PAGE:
Jim Rutherford: Hurricanes GM Must Forget the Past To Succeed in the Present

S BCorrespondent IDecember 1, 2009

RALEIGH, NC - NOVEMBER 19: Erik Cole #26 (C) of the Carolina Hurricanes scores at 19:57 of the third period against the Toronto Maple Leafs to tie the score at 5-5 at the RBC Center on November 19, 2009 in Raleigh, North Carolina. The Hurricanes defeated the Maple Leafs 6-5 in the shoot out. (Photo by Bruce Bennett/Getty Images)
Bruce Bennett/Getty Images

Carolina GM Jim Rutherford is watching his team struggle and doesn't seem to know how to fix things. So he's doing what he's always done—he's changing his mind and then changing it back.

You might even call it his signature move.

Monday he complained to the Raleigh News & Observer about the challenges of running the struggling Hurricanes, who have just five wins on the season:

"I do not see any quick solutions...With the cap system, it's hard to make quick changes."

That's a very different tune than Rutherford sang in July 2005, when the NHL ended the lockout that cost hockey the 2004-05 season. Back then, the Carolina GM sounded like a fan of the cap system:

"What we went through was necessary. We had to get some controls on our business and certainly I'm hoping that's what this new agreement does."

So basically, if you're Rutherford, you can be a fan of the cap right up until the moment you don't like it.

And that's the kind of flip-flopping that's increasingly become the defining characteristic of Rutherford's time in North Carolina.

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Last season, as the team struggled, he fired coach Peter Laviolette and replaced him with Paul Maurice, whom Laviolette had originally replaced.

So basically, Rutherford went back to the coach he had fired.

In 2008, the Hurricanes traded Erik Cole to the Edmonton Oilers, only to re-acquire him the following season.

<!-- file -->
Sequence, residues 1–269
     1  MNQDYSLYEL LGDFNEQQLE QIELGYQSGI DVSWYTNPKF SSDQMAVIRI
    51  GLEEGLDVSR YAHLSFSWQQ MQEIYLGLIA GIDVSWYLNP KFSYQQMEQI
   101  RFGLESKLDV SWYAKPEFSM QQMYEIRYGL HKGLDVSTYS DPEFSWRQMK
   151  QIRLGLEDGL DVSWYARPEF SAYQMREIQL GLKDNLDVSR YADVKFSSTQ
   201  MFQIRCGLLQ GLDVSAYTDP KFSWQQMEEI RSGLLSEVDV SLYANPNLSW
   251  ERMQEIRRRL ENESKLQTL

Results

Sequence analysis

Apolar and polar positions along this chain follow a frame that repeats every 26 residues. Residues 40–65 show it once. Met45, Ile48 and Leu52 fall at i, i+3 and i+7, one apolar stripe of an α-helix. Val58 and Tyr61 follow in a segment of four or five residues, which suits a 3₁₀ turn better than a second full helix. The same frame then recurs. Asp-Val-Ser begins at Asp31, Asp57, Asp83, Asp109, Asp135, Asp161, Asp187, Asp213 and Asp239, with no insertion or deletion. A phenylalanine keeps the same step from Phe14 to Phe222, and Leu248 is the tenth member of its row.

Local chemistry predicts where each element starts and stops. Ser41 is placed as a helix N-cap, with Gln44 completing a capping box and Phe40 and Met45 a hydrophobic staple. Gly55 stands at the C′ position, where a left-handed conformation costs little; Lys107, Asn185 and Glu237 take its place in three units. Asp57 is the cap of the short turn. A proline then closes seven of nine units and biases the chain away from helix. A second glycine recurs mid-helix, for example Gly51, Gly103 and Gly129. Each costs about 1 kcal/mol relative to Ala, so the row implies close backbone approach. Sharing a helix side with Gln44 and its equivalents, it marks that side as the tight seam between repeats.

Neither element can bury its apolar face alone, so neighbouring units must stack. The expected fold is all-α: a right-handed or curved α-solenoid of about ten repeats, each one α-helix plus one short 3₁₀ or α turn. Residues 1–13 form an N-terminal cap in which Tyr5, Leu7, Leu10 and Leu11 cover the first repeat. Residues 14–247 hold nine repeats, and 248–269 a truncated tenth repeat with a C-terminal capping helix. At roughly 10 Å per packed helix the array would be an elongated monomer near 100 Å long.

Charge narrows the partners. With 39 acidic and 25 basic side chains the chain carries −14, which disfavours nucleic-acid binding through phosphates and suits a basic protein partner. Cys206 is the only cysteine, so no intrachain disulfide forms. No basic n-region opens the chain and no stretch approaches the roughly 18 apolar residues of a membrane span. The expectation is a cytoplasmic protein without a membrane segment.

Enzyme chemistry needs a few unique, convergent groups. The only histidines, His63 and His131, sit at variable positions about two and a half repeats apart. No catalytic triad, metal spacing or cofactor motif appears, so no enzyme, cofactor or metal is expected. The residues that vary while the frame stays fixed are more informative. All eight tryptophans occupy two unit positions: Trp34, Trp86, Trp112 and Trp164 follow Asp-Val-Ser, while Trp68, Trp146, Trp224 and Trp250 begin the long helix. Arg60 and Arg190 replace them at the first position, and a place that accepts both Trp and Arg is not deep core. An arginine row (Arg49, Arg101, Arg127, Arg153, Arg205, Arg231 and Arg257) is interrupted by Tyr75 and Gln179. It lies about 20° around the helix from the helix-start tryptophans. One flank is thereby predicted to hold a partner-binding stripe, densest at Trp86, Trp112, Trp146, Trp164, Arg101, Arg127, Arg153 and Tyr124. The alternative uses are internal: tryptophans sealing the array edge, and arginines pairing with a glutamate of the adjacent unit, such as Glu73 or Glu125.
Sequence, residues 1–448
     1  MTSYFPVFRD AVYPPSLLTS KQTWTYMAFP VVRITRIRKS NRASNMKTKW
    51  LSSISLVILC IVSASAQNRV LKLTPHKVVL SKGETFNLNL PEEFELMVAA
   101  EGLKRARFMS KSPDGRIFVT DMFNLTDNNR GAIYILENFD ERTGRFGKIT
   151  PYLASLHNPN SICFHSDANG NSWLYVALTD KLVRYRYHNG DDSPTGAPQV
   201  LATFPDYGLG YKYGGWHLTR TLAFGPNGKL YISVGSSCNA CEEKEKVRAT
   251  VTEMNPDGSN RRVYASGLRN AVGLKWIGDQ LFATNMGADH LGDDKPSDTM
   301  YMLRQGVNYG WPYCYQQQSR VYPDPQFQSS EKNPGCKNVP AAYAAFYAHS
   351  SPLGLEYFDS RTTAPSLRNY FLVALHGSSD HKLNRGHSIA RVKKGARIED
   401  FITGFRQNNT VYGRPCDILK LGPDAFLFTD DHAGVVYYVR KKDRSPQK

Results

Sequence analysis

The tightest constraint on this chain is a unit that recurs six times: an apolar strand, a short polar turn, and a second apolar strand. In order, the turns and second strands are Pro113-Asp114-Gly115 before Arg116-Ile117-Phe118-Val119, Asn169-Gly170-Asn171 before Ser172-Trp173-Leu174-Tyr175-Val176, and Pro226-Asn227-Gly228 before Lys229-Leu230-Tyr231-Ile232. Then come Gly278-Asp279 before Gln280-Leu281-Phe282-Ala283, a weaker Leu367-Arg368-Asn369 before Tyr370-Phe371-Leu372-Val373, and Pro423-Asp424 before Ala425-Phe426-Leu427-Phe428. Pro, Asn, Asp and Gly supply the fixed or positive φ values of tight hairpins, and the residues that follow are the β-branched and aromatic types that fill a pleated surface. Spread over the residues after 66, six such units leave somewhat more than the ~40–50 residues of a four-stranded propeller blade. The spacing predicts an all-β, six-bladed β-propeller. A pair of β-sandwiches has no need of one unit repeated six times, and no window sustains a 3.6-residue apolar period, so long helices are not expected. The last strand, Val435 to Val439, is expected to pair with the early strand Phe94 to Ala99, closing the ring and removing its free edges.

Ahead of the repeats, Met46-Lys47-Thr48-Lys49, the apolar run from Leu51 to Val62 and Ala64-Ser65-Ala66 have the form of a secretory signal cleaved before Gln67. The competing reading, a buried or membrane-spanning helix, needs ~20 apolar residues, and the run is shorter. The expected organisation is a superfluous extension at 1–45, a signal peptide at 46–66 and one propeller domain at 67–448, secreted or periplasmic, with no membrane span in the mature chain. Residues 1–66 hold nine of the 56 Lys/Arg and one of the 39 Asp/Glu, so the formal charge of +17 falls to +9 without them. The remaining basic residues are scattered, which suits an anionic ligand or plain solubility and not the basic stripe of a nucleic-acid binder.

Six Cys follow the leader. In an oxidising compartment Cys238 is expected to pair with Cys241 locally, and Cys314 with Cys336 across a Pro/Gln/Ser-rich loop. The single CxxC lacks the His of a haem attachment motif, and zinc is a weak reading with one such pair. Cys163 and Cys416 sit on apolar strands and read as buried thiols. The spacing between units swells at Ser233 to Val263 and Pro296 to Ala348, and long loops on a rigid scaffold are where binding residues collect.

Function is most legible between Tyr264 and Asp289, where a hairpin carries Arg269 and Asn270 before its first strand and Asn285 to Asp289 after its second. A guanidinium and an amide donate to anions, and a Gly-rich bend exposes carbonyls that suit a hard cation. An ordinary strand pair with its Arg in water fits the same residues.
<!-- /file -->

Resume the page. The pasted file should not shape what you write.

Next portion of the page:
Prior to that, in 2006 Rutherford let center Matt Cullen get signed by the Rangers, only to re-acquire Cullen the following season.

Defenseman Aaron Ward had a similar route back to Carolina, getting signed by the Rangers, traded to the Bruins, and then traded back to the Hurricanes.

It's almost like that 2005-06 Stanley Cup haunts Rutherford, instead of inspiring him.

He keeps returning to that team and to those players and to that frame of mind.

As that Cup gets further and further away, going to that team seems less and less of a good idea.

Now Rutherford is well within his rights to change his mind. He would be foolish to persevere in the face of what he now realizes is a bad idea. But one has to wonder why his mind is being changed so frequently.

How exactly does one go from supporting a salary cap to the extent that a season of hockey is canceled and then, a few years later, find himself complaining about that very same cap?

How does a GM expect to move his team forward if he keeps undoing his decisions?

The Hurricanes are struggling for quite a few reasons: Goaltending. Injuries. A slumping Eric Staal.

Rutherford doesn't have a ton of options, but he has cap space and intriguing trade pieces. He has opportunities to make the team better, either this season or in the near future. But his not doing anything while seemingly thinking about 2006 isn't going to help things.

Let's hope Rutherford isn't on the phone, trying to lure Glen Wesley out of retirement.

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